11. Teenage Mutant Ninja Turtles: Ok, so putting this on the list automatically destroys my integrity as a proper gamer. It was a simple hack and slash, button slamming affair based on a decidedly average cartoon.
This was the first game I ever completed in an arcade. I can still remember it vividly. I was about 14, on a French exchange with my school, and playing as Michaelangelo (the one with the orange mask and nunchakus). Along with three classmates we spent a good hour destroying reams of baddies, killing every boss,  and emerging victorious. I think we each spent about a fiver on restarts, but the sense of achievement was marvellous. It was one of my first truly rewarding experiences of multi-player gaming.

10. Unchartered series: All three of these games on the PS3 were brilliant. They took Tomb Raider and added greater depth, better combat and top drawer narrative and dialogue.
The cut scenes aren’t annoying and play very well with the action, while some of the set pieces are awesome – particularly memorable ones include the crashed train in Among Thieves and the plane crash in Drake’s Deception.
If I had to pick a favourite it’s Among Thieves.

9Championship Manager (late 90s): Champ Manager was the premier football management game until the programmers lost the rights to it and jumped ship. Football Manager is now a much better franchise.
Another uni staple, I used to sit for hours in my flatmate’s immaculate room playing this. Hard to describe why, but there’s something about turning my consistently disappointing Spurs into genuine world-beaters.

8. Left 4 Dead: I do enjoy a good zombie film, and unsurprisingly shooting dozens of zombies in the face is incredibly satisfying.
It’s a very simple premise – hundreds of zombies versus four normal people with guns, and a few specialist zombies with unpleasant skills (like chundering or trapping you with a massive, rope-like tongue) to liven up the action. It’s best played online with three others, or with three allies and four players as the zombies.  Just quality co-op fun, mainly just blasting dead people, but there are a few tactics to help you avoid the infected.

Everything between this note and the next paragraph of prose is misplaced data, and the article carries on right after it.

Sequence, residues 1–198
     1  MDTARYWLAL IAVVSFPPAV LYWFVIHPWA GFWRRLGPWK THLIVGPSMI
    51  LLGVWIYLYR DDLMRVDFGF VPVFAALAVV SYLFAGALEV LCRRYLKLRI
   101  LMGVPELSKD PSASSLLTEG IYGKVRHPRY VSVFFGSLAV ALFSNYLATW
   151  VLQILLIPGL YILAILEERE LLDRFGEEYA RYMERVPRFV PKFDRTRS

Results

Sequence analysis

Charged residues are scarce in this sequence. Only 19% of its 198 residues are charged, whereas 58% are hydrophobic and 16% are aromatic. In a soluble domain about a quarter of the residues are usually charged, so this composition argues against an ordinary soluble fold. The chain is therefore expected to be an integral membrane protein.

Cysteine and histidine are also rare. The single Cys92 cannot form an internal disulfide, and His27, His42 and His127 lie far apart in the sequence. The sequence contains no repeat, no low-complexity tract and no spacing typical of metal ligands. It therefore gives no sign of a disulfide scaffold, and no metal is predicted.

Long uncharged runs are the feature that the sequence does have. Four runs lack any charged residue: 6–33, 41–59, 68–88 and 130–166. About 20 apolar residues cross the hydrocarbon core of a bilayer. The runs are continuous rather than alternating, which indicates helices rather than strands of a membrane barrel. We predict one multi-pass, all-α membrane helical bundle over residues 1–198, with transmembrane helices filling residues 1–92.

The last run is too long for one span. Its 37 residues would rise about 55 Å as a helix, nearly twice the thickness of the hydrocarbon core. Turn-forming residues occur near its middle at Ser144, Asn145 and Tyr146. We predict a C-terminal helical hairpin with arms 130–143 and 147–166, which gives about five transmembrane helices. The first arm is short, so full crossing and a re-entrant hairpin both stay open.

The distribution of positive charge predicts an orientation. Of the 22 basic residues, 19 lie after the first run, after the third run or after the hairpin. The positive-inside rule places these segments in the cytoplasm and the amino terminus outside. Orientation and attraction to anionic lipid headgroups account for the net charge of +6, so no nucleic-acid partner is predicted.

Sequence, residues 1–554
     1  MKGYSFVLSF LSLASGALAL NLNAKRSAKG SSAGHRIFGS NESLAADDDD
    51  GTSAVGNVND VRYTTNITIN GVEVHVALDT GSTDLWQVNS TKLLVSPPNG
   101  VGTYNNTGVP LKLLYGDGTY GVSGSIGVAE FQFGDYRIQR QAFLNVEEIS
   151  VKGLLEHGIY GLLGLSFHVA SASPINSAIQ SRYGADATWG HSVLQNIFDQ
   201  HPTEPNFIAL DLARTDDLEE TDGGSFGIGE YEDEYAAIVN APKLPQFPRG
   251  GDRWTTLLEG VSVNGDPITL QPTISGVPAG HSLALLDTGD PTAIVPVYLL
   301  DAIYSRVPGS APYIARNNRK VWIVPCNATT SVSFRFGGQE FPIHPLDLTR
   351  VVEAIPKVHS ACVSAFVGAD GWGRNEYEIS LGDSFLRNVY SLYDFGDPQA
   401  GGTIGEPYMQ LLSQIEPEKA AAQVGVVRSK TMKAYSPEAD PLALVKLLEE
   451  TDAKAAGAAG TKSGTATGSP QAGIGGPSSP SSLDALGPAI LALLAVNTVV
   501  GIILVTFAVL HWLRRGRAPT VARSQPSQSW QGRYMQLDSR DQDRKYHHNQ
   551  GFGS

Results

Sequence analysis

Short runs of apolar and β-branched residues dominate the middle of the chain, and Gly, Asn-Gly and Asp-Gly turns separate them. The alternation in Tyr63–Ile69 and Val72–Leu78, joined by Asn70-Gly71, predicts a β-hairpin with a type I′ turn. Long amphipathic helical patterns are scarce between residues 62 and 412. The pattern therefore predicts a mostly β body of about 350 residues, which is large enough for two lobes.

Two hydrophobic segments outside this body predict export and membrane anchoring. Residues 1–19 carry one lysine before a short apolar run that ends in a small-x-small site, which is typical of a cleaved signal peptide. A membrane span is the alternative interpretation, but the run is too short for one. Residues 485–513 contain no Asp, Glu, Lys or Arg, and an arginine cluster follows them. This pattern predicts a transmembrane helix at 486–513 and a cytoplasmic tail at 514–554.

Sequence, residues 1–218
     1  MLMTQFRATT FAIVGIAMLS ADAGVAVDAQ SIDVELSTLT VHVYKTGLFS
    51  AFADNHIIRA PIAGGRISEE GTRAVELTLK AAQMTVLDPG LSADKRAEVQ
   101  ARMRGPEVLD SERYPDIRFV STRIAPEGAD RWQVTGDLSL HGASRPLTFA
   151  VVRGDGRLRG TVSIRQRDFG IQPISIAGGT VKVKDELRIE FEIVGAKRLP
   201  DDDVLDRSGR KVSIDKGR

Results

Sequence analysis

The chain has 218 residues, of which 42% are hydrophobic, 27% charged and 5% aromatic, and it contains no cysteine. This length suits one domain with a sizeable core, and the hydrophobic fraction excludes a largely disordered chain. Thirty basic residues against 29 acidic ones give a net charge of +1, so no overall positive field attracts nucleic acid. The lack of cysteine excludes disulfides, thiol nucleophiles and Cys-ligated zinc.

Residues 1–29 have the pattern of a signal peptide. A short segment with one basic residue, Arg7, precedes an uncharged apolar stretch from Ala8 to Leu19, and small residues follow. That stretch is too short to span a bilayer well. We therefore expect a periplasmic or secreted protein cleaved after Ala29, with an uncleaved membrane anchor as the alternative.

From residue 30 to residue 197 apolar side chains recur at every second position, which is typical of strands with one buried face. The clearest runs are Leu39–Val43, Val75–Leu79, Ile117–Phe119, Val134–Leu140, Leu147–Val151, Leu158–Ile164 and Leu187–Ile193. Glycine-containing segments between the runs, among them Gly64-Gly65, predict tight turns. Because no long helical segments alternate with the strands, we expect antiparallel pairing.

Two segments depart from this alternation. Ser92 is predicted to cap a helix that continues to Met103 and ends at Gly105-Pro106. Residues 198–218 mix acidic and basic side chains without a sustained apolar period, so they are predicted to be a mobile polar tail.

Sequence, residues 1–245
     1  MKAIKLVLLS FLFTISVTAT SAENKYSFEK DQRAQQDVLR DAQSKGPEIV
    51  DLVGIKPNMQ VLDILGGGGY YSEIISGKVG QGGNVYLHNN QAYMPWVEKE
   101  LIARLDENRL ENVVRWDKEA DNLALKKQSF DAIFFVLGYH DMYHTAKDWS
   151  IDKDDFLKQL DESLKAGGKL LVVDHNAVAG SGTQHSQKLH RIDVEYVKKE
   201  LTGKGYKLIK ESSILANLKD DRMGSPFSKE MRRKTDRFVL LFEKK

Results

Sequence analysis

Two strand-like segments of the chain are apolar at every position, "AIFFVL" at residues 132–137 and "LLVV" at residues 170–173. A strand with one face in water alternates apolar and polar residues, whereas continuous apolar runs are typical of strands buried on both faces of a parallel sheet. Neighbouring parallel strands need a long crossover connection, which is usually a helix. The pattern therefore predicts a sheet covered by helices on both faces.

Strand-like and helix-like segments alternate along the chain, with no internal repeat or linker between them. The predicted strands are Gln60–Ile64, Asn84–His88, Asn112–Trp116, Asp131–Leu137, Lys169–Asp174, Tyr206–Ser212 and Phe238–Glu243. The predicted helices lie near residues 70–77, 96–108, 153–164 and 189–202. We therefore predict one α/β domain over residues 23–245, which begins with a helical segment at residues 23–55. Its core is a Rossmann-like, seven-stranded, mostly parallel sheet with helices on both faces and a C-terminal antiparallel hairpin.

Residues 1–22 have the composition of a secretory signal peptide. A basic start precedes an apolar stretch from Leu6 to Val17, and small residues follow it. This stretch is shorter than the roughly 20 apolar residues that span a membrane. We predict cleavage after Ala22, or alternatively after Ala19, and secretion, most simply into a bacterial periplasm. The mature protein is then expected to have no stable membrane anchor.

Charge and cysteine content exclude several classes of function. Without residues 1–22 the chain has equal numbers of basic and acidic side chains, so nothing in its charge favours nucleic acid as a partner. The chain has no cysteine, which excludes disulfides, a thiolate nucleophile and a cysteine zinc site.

Left 4 Dead 2 brought in some melee weapons which certainly add to the fun, but very little else was added to the sequel, probably because very little else was needed.

7. Red Dead Redemption:  A beautifully created slice of the Wild West. Great characters, storyline and sub-quests. Being ambushed by outlaws while tearing through the plains on horseback makes for some of the best gunfighting fun to be had.

6. Dragon Age: Origins: Another fantastic example of a decent story. The script is very good and the multiple dialogue options genuinely make for different games. The fight engine is also very interesting, going for a tactical approach rather than just hacking and slashing. You have to pause the action and issue orders for each of your party to succeed because fights are tough, but just about winnable if you’re paying attention.

5. Battlefield 2142: Probably a surprising choice for fans of the brilliant Battlefield series. They’re all good (although they do work better on the PC rather than PS3, particularly BF3). But I was brilliant at 2142. I joined a clan and everything. Unlike other FPS of the time, the multi-player element was very tactical and much more natural somehow. CoD for example was just hectic and ridiculous. There was no tactics to is, just running around corners and shooting. Where’s the skill in launching an airstrike for foght’s sake?
No, Battlefield is a classier animal. Squad play is rewarded and you’ll stay alive longer working in a team.
I just felt the weaponary and maps of 2142 gave it that extra something which elevated it above the others.

4. Frontier: Elite II: A favourite of mine at university. I’ve never found a decent space trading/fighting game as good as it. Eve online came closest, but I found it  too tough for a noob to get going.
A bit buggy in places, but I loved my Cobra MKIII.

3. Asheron’s Call: My first MMORPG. I bloody loved this and still miss it. Launched in 1999, it was overshadowed by Ultima Online and Everquest. Incredibly it’s servers are still going and a small band of players have kept the community alive.
Standard fantasy monsters and levelling your character type stuff, but it was a huge land to explore and monthly updates continually added new events and updated the backstory. I played it for 3 or 4 years before progressing to Everquest II.
EQII was clearly more polished and even bigger, but it lacked the charm and wonder of AC. Tried a few others too but they all seem like grinding to level. My experience of AC was more social and exploration based.